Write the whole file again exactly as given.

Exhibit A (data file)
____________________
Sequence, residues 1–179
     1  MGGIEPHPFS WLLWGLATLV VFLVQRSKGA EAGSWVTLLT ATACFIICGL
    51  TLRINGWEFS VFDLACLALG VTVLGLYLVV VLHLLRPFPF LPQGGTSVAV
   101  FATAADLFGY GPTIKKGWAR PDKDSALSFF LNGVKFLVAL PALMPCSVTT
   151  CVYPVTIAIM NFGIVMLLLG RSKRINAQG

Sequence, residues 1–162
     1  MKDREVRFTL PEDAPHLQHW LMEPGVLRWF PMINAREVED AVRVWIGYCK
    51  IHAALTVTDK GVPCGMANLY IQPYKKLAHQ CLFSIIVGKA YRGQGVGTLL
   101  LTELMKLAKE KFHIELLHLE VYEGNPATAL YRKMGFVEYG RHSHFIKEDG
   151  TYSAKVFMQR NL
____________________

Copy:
Sequence, residues 1–179
     1  MGGIEPHPFS WLLWGLATLV VFLVQRSKGA EAGSWVTLLT ATACFIICGL
    51  TLRINGWEFS VFDLACLALG VTVLGLYLVV VLHLLRPFPF LPQGGTSVAV
   101  FATAADLFGY GPTIKKGWAR PDKDSALSFF LNGVKFLVAL PALMPCSVTT
   151  CVYPVTIAIM NFGIVMLLLG RSKRINAQG

Sequence, residues 1–162
     1  MKDREVRFTL PEDAPHLQHW LMEPGVLRWF PMINAREVED AVRVWIGYCK
    51  IHAALTVTDK GVPCGMANLY IQPYKKLAHQ CLFSIIVGKA YRGQGVGTLL
   101  LTELMKLAKE KFHIELLHLE VYEGNPATAL YRKMGFVEYG RHSHFIKEDG
   151  TYSAKVFMQR NL